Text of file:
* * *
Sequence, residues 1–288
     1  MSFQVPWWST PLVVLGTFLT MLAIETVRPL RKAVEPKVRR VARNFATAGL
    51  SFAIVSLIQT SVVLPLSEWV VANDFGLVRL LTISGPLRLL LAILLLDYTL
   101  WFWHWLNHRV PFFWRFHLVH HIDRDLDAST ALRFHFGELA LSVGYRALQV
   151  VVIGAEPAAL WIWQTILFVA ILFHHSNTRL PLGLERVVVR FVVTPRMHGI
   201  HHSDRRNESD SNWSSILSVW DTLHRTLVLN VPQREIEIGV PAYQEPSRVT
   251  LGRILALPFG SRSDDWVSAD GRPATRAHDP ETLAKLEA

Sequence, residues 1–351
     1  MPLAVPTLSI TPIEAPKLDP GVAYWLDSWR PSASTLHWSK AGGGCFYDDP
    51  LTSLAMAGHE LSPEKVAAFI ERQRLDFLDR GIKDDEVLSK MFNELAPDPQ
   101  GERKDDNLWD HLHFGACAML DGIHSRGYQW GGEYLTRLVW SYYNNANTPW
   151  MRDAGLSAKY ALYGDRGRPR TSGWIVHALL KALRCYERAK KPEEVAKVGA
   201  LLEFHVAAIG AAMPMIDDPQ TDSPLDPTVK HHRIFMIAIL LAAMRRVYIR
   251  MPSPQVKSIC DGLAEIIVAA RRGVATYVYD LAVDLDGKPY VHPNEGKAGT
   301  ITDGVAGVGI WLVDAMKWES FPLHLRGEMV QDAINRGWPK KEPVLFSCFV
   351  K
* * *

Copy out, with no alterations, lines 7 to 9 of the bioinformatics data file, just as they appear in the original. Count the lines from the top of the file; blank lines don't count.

   251  LGRILALPFG SRSDDWVSAD GRPATRAHDP ETLAKLEA

Sequence, residues 1–351
     1  MPLAVPTLSI TPIEAPKLDP GVAYWLDSWR PSASTLHWSK AGGGCFYDDP